Friday, March 14, 2008
I continue to "geek out" today. Nerds have dubbed this day Pi (Greek letter ) day because of the month and day 3/14. Ironically it falls on the same day as Einstein's birthday. Pi is one of the most important mathematical constants. Pi can be found everywhere, from astronomy to probability to the physics of sound and light. It is mathematically irrational and transcendent number. It represents the world's oldest mathematical mystery: the ratio of a circle's circumference to its diameter.
A common use for Pi is to calculate the circumference of a circle (it's distance around). It can be found by multiplying Pi by the diameter (distance across) of the circle. Pi is approximated to 3.14. Actually, its 3.14159..... . It goes on and on. Because of my 10 grade math teacher Mr. Fronhoffer, I accept it as 3.14159 (oddly enough I wasn't good at math).
The knowledge of Pi was used in the construction of Solomon's Temple (see 1 Kings 7:23). As an existential geek I've always loved this symbol. Some how I felt that the enigma of has some divine message, that this incalculable foundational constant in mathematics is analogous to an incalculable God, that can not be completely nailed down, but only approximated. A mysterious constant present in the fabric of our existence. This begs the question, if we can accept a in math and science, can't we accept one in life?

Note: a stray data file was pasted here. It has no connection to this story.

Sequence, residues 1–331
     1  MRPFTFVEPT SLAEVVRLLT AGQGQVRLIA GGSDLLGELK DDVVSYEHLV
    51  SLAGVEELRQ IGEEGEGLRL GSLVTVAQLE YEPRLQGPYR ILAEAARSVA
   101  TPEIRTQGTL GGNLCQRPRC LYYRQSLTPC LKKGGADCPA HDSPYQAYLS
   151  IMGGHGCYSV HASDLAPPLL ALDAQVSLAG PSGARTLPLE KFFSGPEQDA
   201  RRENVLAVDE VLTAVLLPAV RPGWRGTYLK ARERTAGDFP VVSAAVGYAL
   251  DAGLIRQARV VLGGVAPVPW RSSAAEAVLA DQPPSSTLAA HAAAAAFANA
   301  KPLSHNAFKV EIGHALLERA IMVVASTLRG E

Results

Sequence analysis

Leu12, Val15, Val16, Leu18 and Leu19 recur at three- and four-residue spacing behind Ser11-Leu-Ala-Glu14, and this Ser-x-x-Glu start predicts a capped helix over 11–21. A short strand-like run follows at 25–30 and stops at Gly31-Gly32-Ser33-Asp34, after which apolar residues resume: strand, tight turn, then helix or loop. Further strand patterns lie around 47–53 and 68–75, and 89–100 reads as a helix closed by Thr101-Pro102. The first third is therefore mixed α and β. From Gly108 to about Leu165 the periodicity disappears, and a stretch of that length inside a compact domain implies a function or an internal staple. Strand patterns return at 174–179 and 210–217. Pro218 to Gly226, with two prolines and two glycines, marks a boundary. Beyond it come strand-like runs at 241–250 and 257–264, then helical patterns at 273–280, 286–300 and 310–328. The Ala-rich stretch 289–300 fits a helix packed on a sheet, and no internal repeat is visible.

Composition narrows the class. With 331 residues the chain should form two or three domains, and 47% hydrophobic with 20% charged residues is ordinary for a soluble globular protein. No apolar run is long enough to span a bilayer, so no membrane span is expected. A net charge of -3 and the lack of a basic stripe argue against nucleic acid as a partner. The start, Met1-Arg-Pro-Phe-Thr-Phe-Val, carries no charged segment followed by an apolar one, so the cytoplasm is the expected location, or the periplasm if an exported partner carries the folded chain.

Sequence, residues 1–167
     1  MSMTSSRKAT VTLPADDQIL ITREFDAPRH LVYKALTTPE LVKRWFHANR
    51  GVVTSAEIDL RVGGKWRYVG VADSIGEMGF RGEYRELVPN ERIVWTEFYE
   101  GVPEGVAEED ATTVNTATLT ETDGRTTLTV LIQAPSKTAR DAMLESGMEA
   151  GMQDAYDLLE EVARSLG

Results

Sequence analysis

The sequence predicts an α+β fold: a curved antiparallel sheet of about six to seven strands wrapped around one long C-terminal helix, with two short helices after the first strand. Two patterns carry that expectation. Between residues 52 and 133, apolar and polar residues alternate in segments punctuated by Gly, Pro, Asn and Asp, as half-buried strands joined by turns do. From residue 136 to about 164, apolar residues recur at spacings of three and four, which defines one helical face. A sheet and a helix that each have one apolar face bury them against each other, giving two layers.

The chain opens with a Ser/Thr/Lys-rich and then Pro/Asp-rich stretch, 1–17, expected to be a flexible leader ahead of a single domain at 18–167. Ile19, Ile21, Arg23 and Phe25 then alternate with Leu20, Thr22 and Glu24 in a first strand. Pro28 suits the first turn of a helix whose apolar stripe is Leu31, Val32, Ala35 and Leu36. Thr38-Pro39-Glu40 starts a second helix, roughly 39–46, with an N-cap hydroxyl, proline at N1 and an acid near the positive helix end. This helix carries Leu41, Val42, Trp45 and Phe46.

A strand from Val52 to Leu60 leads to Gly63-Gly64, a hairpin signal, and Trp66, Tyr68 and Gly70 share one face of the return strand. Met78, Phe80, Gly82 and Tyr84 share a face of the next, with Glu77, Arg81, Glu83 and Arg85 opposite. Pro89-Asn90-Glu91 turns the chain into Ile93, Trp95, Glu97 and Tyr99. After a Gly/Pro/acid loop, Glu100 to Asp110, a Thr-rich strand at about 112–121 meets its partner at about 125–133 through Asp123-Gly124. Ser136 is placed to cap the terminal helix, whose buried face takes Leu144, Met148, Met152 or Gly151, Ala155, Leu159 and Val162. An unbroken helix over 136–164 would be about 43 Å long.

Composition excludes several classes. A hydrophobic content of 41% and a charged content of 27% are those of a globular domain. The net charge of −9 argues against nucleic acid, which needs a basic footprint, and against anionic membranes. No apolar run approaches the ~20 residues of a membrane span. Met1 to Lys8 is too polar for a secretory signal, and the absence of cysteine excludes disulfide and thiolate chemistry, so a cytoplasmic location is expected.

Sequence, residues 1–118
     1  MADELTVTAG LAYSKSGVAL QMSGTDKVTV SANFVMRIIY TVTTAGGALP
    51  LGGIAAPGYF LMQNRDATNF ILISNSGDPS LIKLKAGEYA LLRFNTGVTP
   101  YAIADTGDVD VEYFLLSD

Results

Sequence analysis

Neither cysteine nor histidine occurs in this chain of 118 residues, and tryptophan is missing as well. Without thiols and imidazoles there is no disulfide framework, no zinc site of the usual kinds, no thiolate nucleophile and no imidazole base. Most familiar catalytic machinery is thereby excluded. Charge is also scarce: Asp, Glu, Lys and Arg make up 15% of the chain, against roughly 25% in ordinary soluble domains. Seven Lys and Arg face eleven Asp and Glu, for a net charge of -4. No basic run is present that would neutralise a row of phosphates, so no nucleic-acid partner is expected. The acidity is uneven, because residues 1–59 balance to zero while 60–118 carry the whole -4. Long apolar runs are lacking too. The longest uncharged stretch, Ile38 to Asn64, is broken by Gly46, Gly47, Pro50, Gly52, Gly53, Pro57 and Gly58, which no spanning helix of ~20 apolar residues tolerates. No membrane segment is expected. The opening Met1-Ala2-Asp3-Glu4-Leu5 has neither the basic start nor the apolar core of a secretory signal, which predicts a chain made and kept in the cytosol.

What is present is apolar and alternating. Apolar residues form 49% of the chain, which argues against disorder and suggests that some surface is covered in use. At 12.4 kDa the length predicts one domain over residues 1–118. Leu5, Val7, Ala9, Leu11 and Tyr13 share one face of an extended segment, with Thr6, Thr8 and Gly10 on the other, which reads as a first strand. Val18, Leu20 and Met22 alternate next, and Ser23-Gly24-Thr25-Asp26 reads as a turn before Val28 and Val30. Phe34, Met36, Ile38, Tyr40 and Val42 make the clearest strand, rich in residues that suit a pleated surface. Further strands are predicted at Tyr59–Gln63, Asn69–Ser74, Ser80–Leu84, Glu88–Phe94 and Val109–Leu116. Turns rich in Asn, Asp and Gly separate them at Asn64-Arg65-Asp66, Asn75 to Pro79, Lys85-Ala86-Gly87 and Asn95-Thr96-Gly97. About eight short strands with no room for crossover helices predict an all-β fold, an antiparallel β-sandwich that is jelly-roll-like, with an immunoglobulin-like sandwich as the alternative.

Here's more Pi
He was born on March 14, 1879 in Ulm, Germany.
Einstein learned to speak at a late age, he was considered a slow learner as a child, and he showed no particular aptitude for formal schooling. His theory of general relativity (E = mc2) revolutionized science. His name is synonymous with intellectual giftedness.
Interestingly enough this iconic scientific figure firmly believed there was a God and was fascinated by the Historical Jesus. In the following quote he rejects a contemporary author, Emil Ludwig's view on Jesus. This is portion of an interview with the magazine The Saturday Evening Post, in 1929 :
"To what extent are you influenced by Christianity?"
"As a child I received instruction both in the Bible and in the Talmud. I am a Jew, but I am enthralled by the luminous figure of the Nazarene."
"Have you read Emil Ludwig's book on Jesus?"
"Emil Ludwig's Jesus is shallow. Jesus is too colossal for the pen of phrasemongers, however artful. No man can dispose of Christianity with a bon mot."
"You accept the historical Jesus?""Unquestionably! No one can read the Gospels without feeling the actual presence of Jesus. His personality pulsates in every word. No myth is filled with such life."1
1. George Sylvester Viereck, "What Life Means to Einstein", The Saturday Evening Post, 26 October 1929.